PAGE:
From tunnel construction to skyscrapers, cranes are a vital piece of equipment on many construction jobs. Companies that operate cranes must always remember to use adequate safety precautions when using this equipment as accidents involving cranes usually result in catastrophic and fatal injuries.

The following are just some of the many causes of fatal crane accidents: contact with electrical power lines, defectively designed cranes, crane operators failing to follow directions, worn or faulty slings used to lift loads, inadequately maintained cranes, lack of adequate warnings, loads that exceed the crane’s lifting capacity, poorly trained workers, poorly assembled cranes.

A large number of individuals in the United States are injured each year due to work related crane accidents. Statistics reveal the following about the prevalence of crane accidents:

  • There is an average of 42 deaths each year due to crane accidents;
  • Some of the most common causes of deaths at the construction site include crane collapses and load collisions;
  • Mobile cranes were involved in 71% of the fatalities, while tower cranes were involved in 5% of fatalities.

OSHA put together an expert group called the Advisory Committee on Construction Safety and Health (ACCSH) back in 1998. The ACCSH was formed to review the rules and safety standards for cranes in the construction industry and to make recommendations to improve worker safety. In 2003 the Cranes and Derricks Negotiated Rules Committee (C-DAC) agreed with ACCSH’s recommendations. The recommendations were then submitted to OSHA and OSHA agreed with the recommendations which became official on November 9, 2010. The new standards address the 4 main causes for crane related worker fatalities which included: (1) workers being crushed by a part of the crane, (2) workers being electrocuted, (3) workers falling and, (4) workers being struck by material being hoisted. The new standard is said to prevent up to twenty-four worker deaths a year.

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The crane safety standards are governed by Subpart CC of 29 CFR Part 1926 (§1926.1400 et seq.), Cranes and Derricks in Construction (“cranes standard”).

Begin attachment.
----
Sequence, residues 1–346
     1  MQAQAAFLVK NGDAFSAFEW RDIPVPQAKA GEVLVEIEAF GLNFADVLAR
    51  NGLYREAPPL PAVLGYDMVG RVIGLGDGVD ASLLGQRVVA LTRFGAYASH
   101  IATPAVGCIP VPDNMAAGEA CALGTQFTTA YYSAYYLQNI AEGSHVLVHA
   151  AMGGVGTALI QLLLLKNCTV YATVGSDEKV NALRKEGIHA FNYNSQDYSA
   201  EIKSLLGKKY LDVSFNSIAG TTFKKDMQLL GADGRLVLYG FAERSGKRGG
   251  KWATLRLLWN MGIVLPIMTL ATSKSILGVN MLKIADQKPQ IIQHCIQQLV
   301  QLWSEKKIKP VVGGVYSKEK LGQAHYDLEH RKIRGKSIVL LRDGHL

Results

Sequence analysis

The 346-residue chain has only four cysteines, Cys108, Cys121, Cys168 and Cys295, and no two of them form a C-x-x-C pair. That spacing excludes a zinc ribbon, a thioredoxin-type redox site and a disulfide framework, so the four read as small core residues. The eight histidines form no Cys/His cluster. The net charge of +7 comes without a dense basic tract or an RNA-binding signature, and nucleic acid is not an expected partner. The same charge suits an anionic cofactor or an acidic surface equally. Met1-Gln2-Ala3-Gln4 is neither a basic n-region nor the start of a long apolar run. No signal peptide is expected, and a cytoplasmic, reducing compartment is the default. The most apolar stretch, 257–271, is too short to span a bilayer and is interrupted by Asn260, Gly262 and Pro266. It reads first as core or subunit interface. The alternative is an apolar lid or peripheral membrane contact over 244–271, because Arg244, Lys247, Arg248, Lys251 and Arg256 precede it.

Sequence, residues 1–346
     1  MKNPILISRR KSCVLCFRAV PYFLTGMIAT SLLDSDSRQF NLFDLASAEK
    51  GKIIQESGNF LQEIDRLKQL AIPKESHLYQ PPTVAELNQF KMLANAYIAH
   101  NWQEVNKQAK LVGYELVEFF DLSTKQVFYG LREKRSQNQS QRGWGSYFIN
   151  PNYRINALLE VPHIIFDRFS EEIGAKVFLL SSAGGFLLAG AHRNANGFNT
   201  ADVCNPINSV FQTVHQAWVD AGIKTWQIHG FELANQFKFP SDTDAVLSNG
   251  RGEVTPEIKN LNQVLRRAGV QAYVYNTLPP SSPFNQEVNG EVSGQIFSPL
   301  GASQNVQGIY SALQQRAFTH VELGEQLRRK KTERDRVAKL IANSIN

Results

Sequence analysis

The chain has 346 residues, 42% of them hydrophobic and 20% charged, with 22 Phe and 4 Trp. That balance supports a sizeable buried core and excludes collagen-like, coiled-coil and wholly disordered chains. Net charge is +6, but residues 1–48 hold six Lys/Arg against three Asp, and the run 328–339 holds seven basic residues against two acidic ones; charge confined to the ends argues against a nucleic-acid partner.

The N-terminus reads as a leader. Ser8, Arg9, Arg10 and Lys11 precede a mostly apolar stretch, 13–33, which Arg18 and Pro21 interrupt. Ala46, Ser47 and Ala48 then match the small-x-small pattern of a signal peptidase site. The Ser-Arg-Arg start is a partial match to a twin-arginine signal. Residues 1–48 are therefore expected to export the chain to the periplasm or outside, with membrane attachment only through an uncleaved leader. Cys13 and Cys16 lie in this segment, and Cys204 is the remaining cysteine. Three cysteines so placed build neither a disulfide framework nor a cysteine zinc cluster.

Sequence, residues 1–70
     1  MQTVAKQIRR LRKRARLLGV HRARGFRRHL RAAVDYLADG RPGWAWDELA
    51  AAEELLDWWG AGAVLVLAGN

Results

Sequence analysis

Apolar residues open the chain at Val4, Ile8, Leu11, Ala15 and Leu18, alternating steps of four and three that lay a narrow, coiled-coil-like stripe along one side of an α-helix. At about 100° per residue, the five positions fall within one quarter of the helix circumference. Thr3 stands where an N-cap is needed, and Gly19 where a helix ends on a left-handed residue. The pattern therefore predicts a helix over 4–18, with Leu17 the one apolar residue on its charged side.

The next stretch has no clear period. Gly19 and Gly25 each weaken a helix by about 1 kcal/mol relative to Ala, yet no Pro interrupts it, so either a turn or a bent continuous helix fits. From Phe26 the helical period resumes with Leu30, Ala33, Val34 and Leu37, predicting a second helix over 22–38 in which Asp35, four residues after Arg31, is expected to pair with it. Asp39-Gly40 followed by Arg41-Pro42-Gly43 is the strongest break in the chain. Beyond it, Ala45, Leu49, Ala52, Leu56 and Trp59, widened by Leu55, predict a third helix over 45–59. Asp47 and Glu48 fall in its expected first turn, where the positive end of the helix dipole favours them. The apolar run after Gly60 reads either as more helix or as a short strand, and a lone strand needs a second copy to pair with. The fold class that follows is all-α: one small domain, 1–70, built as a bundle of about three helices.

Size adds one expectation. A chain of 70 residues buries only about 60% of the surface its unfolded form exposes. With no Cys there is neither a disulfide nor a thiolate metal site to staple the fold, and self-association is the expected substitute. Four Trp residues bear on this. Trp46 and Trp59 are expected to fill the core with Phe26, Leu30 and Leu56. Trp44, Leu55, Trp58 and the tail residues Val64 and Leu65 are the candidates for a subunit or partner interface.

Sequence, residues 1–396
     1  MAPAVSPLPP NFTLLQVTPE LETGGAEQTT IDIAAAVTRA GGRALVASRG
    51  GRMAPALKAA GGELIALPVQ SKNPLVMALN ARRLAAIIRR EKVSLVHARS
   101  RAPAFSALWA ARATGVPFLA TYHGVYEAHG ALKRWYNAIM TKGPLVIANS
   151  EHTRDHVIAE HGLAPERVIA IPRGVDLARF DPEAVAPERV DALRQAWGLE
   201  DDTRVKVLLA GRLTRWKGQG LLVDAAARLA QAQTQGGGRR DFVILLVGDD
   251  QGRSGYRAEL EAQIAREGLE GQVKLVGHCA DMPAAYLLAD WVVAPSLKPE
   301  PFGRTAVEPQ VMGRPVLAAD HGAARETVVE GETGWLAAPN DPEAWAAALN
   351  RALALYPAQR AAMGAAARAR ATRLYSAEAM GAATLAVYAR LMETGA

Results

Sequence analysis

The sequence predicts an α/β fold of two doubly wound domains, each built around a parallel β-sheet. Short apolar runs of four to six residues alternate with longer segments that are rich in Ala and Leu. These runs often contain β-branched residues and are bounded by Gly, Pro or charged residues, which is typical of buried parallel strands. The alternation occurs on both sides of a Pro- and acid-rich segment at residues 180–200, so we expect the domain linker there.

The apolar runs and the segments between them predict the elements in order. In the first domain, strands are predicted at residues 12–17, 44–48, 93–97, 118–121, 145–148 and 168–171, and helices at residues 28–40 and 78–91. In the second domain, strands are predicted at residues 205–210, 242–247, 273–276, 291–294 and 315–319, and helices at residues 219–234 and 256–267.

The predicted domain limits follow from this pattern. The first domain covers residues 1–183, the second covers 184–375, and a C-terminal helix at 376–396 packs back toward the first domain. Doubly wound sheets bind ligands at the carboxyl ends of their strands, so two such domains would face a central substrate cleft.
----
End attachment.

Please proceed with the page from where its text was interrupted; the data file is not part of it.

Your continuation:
• Crane Assembly: The crane must be assemble and dissembled by and A/D Director who is “competent” and “qualified.” Part of the Director’s job is to make sure that all assembly/disassembly workers know their jobs, the hazards associated with the job and any dangerous positions or locations that need to be avoided. The A/D director needs to review all 12  hazards associated with crane operation including: the conditions of the ground (whether they are wet or there is an incline),blocking material, proper location of blocking, verifying assist crane loads, boom & jib pick points, center of gravity, stability upon pin removal, snagging, struck by counterweights, boom hoist brake failure, loss
    of backward stability, and wind speed and weather.
  • Crane Inspection: After the crane is assembled, but before it is used, it must be inspected by a “qualified person.”
  • Crane Operation: Any construction worker that needs to walk out of the crane operator’s sight must tell the operator before doing so. The crane operator cannot operate the crane until he has confirmation that worker has relocated to a safe place. Crew members cannot walk or stand underneath the cranes boom or jib when pins are being removed.

Employees that are injured on the job are entitled to workers’ compensation benefits under Massachusetts law. Almost every employer is required by law to carry workers’ compensation insurance in order protect against workplace accidents. The Massachusetts workers compensation law was designed to make sure that any worker who is unable to work for 5 or more days is eligible to receive necessary medical treatment and weekly compensation.

There are actually several types of cranes which are used by workers, which include:

  • Aerial cranes. These cranes are used to lift heavy loads.
  • Crawler Cranes. These cranes are mounted to a chassis.
  • Mobile Cranes. These cranes are attached to vehicles.
  • Rough Terrain Cranes. These cranes are used to navigate around difficult terrain.
  • Tower Cranes. These cranes can lift greater than 30,000 pounds and are often used in the construction of buildings.

Massachusetts Crane Accident Injury Attorneys

If you are an employee or worker who was injured in a crane accident, it is a wise idea to retain the assistance of our skilled construction accident lawyers. Do not hesitate to contact the Massachusetts Crane Accident Injury Attorneys at The Law Offices of Gerald J. Noonan today. Call our Brockton workers’ compensations lawyers today for a free consultation.

Representing the residents of Plymouth County including Brockton, Plymouth, Bridgewater, Marshfield, Hingham, Duxbury, Wareham, Abington, Rockland, Whitman, Hanson, Middleborough; Norfolk County including Quincy, Stoughton, Dedham, Weymouth, Braintree, Avon, Holbrook, Randolph, Canton, Sharon, Brookline, Franklin; Bristol County including New Bedford, Fall River, Taunton, Attleboro, Mansfield, Easton, Raynham, Norton; Cape Cod, Falmouth, Barnstable and the Greater Boston area including Cambridge, Lynn, Revere, Everett, Lawrence, Dorchester, Roxbury and Somerville.